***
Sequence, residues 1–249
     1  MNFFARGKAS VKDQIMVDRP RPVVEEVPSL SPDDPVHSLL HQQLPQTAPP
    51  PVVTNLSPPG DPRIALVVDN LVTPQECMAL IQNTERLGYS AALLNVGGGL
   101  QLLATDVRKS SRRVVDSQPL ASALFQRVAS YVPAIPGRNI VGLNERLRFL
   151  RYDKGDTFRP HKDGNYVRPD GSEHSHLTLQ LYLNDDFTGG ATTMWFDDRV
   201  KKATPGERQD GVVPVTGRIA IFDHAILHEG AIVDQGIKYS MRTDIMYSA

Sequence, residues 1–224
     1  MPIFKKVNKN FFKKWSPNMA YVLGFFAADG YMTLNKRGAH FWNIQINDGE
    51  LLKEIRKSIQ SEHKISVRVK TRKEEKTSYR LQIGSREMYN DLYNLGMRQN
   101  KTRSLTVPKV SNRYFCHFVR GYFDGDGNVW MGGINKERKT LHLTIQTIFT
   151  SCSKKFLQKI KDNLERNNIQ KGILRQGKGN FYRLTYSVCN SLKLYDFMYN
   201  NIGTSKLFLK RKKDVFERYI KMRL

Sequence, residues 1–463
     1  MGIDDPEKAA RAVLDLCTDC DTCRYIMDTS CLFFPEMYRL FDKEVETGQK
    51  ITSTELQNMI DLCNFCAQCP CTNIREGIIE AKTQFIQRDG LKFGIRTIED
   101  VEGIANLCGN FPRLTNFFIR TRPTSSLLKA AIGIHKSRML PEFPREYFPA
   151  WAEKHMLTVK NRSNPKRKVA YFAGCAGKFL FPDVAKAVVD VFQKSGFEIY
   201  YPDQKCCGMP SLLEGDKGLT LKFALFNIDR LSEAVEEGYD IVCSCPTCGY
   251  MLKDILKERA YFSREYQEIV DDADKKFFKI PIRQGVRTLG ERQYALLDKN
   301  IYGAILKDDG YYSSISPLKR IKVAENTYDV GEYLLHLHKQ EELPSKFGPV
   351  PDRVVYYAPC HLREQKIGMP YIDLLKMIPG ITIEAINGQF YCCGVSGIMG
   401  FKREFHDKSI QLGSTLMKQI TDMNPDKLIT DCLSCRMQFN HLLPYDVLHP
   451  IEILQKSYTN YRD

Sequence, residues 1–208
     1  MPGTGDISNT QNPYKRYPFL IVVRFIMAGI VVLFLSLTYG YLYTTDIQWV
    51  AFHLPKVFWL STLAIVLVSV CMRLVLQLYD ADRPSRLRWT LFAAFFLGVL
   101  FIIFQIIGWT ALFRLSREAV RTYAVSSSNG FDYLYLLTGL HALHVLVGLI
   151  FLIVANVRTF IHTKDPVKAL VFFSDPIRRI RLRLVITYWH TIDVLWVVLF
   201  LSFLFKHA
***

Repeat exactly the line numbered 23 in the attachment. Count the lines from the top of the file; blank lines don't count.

   451  IEILQKSYTN YRD